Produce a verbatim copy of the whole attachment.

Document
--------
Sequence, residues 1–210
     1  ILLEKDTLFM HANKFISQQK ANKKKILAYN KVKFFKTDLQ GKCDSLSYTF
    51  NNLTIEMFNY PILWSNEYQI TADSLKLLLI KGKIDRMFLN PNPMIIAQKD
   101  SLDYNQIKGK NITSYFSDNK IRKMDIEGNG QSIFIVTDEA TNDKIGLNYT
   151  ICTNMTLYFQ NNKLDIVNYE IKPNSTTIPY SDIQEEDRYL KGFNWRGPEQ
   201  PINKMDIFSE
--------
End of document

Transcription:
Sequence, residues 1–210
     1  ILLEKDTLFM HANKFISQQK ANKKKILAYN KVKFFKTDLQ GKCDSLSYTF
    51  NNLTIEMFNY PILWSNEYQI TADSLKLLLI KGKIDRMFLN PNPMIIAQKD
   101  SLDYNQIKGK NITSYFSDNK IRKMDIEGNG QSIFIVTDEA TNDKIGLNYT
   151  ICTNMTLYFQ NNKLDIVNYE IKPNSTTIPY SDIQEEDRYL KGFNWRGPEQ
   201  PINKMDIFSE